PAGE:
Gravity, when left entirely to its own devices, will cause a falling object to accelerate. So, as we all know, if you simply dropped a raw egg from a ~4.35 meter ledge (as the students did), that thing should definitely break! But, students were asked to help create "drag", or air resistance... or friction (all synonyms that helped me understand this concept) on their egg so they could slow acceleration and hopefully keep the egg from cracking.
Another way to protect the egg is by displacing or slowing down impact. If you protect the falling egg with some kind of buffer such as bubble wrap, the time of impact will increase, so the intensity of the hit will be spread out over... maybe .5 seconds instead of .25. In this way, the students could also attempt to protect their egg.
So, our Semester 10 Physics students were given a variety of materials to increase drag and decrease impact. The one caveat was that they could only build one device. They couldn't have something attached to the egg and on the ground; they had to get creative. And, they did.
Some built elaborate pillows dangling just below their eggs to decrease impact. Others, as you'll see in the picture below, made parachutes.
We're so lucky to have an academic environment where our kiddos can learn hands-on - test their ideas and learn from their experiences. Not one egg broke!
During this Unit in all of our English classes, we've been exploring the value of a literary movement that is widely accepted as having begun in South America. The most famous female author from this movement is Isabel Allende, the niece of Chilean President Salvador Allende. It seems fitting we'd explore her style of literature while also exploring her homeland.
In our AP English Language & Composition course, the students spend their time analyzing and debating the greater meanings found in these incredibly poetic and complex pieces of literature. Ultimately, they write an analytical essay arguing for what they believe the greater meaning of one of these texts to be and supporting it with textual evidence. It is one of the more challenging essays they'll write this semester.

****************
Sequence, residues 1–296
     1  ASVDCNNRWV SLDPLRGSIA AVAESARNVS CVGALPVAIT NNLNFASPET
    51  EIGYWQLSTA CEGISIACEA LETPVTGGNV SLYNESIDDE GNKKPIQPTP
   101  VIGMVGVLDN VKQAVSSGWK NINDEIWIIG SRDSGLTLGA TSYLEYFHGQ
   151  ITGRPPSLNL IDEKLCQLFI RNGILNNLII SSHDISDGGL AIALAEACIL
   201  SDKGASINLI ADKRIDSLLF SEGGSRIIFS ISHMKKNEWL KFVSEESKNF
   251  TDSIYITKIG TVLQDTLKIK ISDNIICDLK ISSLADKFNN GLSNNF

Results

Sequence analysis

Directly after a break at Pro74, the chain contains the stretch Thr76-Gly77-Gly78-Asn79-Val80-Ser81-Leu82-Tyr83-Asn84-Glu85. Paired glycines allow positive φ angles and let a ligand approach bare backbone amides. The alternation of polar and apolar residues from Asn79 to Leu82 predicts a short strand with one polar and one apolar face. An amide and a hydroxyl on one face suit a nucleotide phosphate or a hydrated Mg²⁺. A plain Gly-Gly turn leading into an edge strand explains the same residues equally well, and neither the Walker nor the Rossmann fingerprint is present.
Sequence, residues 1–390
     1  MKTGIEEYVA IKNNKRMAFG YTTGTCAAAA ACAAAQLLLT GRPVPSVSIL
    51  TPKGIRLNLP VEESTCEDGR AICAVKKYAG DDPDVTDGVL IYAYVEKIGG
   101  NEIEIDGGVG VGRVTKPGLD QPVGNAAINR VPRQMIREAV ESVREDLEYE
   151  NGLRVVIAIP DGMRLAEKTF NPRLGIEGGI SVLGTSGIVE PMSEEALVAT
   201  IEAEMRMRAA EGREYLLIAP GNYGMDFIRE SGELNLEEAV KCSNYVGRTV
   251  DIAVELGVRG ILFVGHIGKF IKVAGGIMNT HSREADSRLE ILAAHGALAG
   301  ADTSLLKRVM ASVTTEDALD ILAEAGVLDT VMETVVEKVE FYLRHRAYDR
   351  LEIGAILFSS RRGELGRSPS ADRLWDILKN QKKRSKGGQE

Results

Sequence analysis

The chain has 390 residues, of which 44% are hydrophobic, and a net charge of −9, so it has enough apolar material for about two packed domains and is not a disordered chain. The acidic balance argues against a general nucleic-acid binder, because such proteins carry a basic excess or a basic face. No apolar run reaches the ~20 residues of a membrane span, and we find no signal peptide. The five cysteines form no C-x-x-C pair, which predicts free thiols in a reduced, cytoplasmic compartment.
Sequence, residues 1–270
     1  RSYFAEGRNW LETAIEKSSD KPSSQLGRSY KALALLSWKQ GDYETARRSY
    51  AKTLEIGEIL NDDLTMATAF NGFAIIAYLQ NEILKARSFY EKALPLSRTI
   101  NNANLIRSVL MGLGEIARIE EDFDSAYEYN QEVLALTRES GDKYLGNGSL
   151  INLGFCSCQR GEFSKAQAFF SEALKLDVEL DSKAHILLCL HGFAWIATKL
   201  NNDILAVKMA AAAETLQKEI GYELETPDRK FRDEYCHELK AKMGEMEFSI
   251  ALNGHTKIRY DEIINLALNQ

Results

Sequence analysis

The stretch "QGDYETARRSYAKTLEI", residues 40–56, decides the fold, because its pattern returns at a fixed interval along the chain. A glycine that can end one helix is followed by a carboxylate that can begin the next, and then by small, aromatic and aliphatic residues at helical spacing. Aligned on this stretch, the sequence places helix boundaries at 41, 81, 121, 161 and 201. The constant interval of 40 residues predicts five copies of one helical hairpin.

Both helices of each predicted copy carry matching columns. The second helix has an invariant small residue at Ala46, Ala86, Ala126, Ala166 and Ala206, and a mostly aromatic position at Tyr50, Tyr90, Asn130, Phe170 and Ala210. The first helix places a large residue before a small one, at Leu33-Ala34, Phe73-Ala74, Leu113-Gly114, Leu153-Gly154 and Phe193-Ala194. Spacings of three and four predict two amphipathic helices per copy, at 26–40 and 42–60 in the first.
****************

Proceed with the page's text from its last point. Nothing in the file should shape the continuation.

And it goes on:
In our Honors 10th & 11th grade English courses, the students are also expected to analyze and discuss the major themes of these and other Magical Realism short stories or excerpts, but afterward, they are asked to employ those elements in their own writings. In class everyday, I have my students analyze "visual texts" and then write Magical Realism pieces telling their stories. These smaller, in-class activities allow them to develop these complex skills and then ultimately apply them to personal writings in which they expose their emotional experiences.
Because the purpose of Magical Realism was, and has always been, to communicate that which is tragically real in spite of the fact that it may have never truly happened. You say, "Uh... whuh?", and I understand the confusion, but I'll clear it up quickly. In the news, when reporters say that another hurricane hit Haiti, or when you read in your history textbook about lynchings in the post-Civil War South, you can't really comprehend what the emotional effect of those traumatic events was on the people that survived. Sometimes those experiences were so tragic and so disorienting for them that the way they felt was not at all the way they factually were. Anyone who has experienced this kind of helplessness, fear, or trauma understands. There are myriad examples of this style of writing in the American canon; The Things They Carried by Tim O'Brien, Beloved by Toni Morrison, and Everything Is Illuminated by Jonathan Safran Foer are just a few of these types of famous, tragic, and beautiful stories. Maybe you read them and were so caught up in the web of their accounts, you didn't stop to ask yourself what of it was actually real? Maybe you knew, and you didn't really care?